Does RFC 794 give us an "early writing on the Internet"? Does it show that "prioritization has always been considered an important design characteristic for TCP/IP"? Does it demonstrate the Internet's "sharp contrast to the romantic ideal of the end-to-end principle"?

It. Does. Not.


The above points become apparent to anybody of moderate technical knowledge who attempts to read the RFCs carefully and understand them. RFCs were frequently written by Ph.D.'s, but they were not written for Ph.D.'s; they were written for hackers.

It is, perhaps, understandable that Hahn and Litan --- two economists --- could not understand these RFCs in detail. However, they have misread the RFCs so completely that it is almost inconceivable to me that they could have consulted someone with the necessary background.

They construe RFC 675 --- a description of an end-to-end transport protocol --- as a blow against the end-to-end principle. They construe (portions of) RFCs 791, 1633, and 794 --- documents which do not describe the Internet --- as documents describing the foundational principles of the Internet. In some cases, as with 1633, they cite these documents in support of a claim that is specifically refuted by plain text in the document.

How could this happen?

I would guess that Hahn and Litan's "research" process went something like this. First and foremost, they knew that they wanted to produce a paper arguing against network neutrality regulation. They had heard somewhere about these "RFC" things, and they knew that Vint Cerf, one of the current big pro-neutrality voices, had written a bunch of them. So, they decided to go search for the words "precedence", "priority", and "quality of service" in the old RFCs. To their great delight, these words appeared in some RFCs by Cerf himself, and by other prominent networking researchers. Alas, these technical documents turned out to be pretty tough to interpret if you've never written a line of networking code in your life. However, never mind meaning or context: knowing their "research" community --- economists predisposed to disliking regulation --- they figured they could get away with fudging the citations anyway, because none of their peers would understand the RFCs either. Most of them wouldn't even bother to try. So they went ahead and wrote their paper, and got it accepted to a little economics review.

Now, I understand that this is a pretty nasty thing to say. Given Hahn and Litan's long and distinguished careers in academia and public service, I would like to believe something else, but I'm having trouble doing it. I mean, look at the evidence above. They have clearly leaned upon the facts, as the proverb goes, as a drunkard leans upon a lamppost: for support, not illumination.

At best, I can understand this behavior as a combination of ignorance and arrogance: maybe the authors believed their vast experience in parsing documents in economics and law made it unnecessary to consult experts in computer science ("Not even a real science --- it has 'science' in the title!"). At worst, though, one could argue that it's a mixture of intellectual dishonesty and irresponsibility.

In Part 2 (if I ever manage to write it): Hahn and Litan's errors regarding VPNs and World of Warcraft.

[0] I normally ignore anything that comes out of AEI, as it tends to be 99% worthless on technology issues, and it's more work than it's worth to sort the wheat from the chaff. Based on Tim's decision to post about this paper, I waived my normal skepticism, and was pretty badly disappointed. Sigh. I have adjusted my priors, as the Bayesians say.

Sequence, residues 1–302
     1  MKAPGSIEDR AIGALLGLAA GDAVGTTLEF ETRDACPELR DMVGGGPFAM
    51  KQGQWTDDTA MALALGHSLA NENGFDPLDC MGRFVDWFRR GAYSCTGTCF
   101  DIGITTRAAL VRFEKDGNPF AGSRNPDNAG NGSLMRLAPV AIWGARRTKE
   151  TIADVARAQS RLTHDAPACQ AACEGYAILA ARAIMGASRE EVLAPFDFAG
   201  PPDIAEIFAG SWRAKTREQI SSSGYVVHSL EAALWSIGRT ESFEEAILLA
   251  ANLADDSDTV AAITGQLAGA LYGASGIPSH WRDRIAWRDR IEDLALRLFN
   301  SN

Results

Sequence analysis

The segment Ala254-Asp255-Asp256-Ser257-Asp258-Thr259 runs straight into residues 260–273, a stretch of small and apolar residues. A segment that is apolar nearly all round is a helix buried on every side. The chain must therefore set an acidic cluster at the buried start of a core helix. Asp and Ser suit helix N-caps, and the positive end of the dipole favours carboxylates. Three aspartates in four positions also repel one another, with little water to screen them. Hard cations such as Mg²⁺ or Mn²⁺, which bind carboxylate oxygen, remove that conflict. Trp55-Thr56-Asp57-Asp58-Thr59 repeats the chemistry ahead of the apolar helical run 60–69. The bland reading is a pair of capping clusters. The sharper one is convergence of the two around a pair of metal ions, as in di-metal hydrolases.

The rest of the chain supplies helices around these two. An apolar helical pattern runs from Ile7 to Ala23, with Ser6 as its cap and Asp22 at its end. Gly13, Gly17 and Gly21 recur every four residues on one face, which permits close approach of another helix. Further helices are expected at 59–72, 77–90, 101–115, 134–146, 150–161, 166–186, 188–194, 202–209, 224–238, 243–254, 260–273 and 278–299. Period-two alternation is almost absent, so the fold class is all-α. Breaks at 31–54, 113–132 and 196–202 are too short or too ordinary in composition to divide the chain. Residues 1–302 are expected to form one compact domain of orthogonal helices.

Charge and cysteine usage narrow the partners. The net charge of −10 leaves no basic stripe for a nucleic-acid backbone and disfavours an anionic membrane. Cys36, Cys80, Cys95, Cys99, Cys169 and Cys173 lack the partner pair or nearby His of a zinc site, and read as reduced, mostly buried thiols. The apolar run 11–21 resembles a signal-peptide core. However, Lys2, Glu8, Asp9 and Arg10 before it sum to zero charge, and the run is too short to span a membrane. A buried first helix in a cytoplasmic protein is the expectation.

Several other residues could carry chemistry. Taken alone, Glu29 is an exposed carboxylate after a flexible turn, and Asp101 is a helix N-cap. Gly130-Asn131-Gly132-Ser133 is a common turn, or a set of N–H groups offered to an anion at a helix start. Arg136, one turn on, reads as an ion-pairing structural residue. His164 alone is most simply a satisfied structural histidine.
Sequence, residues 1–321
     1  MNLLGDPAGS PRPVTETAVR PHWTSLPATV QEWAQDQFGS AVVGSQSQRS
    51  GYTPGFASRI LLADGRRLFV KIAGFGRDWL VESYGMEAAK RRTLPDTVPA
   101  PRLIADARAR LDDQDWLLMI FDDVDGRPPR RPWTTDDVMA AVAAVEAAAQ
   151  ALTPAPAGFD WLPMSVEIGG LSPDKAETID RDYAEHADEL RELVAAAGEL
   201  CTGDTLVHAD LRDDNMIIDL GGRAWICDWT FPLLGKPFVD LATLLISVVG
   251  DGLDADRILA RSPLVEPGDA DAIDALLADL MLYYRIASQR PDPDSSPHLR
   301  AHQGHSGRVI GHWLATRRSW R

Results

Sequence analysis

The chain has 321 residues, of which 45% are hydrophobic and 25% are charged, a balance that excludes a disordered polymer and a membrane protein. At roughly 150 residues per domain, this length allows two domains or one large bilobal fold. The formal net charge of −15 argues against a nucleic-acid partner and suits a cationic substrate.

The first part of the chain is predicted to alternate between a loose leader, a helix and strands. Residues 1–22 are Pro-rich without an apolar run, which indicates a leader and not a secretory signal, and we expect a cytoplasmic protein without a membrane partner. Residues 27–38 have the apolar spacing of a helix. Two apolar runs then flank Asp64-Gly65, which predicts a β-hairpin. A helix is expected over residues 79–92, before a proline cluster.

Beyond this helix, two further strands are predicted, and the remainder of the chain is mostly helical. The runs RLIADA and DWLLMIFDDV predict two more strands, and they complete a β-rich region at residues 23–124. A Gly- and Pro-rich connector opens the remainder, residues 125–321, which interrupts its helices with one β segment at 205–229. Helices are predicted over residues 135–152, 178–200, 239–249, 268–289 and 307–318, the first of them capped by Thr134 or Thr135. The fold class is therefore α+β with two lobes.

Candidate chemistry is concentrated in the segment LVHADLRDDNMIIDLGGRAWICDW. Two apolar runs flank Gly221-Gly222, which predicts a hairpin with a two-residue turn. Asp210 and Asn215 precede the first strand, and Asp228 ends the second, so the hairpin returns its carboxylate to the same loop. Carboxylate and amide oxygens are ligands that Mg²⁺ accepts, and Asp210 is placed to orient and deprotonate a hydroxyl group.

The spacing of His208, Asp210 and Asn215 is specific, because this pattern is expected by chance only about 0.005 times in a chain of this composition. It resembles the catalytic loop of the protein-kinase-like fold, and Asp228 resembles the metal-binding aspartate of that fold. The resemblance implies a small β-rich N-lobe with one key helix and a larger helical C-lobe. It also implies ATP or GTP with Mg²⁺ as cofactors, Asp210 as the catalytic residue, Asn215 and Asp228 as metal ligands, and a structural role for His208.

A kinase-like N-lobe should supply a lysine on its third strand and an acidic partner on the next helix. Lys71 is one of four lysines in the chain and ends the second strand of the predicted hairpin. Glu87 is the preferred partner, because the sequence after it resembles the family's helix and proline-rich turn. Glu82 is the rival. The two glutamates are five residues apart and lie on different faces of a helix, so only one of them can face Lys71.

[1] By "normative sentence", I mean one stating a property that a TCP implementation must have in order to be rightfully called a TCP implementation. Now, like most RFCs, 675 is not an ultra-terse mathematical specification, but a document intended to be a useful and readable guide to practical implementors. So, it gives some background about routers and such to provide the reader with context. But as Cerf and Kahn state, TCP makes almost no requirements of the underlying network beyond its ability to carry bits, which is one reason why it works over substrates ranging from circuit-switched telephony (dial-up Internet) to the postal service.

Wednesday, January 17, 2007

War's most significant bit

Read this. Then read this.

One of the reasons I post less frequently than I used to is that lately, my despair at the stupidity of humanity exceeds my fury, whereas the opposite once obtained. Shall I bother to point out the obvious? All right, once more into the breach. This post will be more indirect than it needs to be, but I can only overcome my sense of the inherent futility of it all by creeping up on the subject sideways.

Computers represent everything, including numbers, using bits. Each bit is either a one or a zero. One and zero are not the only numbers we would like to represent: two and three and five hundred million are all nice too. To represent other numbers, computers use several ones and zeros at a time. This is called binary notation:


represents the number 214. Binary notation works more or less like the decimal notation that everyone's familiar with. In decimal, you interpret a number by multiplying each successive digit from right to left by an increasing power of ten, so 214 = (2 * 102) + (1 * 101) + (4 * 100). In binary, you interpret the bits by multiplying by successive powers of two, so that the rightmost bit is multiplied by 1 (20), the next-to-rightmost bit is multiplied 2 (21), and so on, up to the leftmost bit, which is multiplied by 2n-1, where n is the number of bits in your string. In the above case, because there are eight bits, the leftmost bit represents 27, or 128. Summing up, 128 + 64 + 16 + 4 + 2 = 214.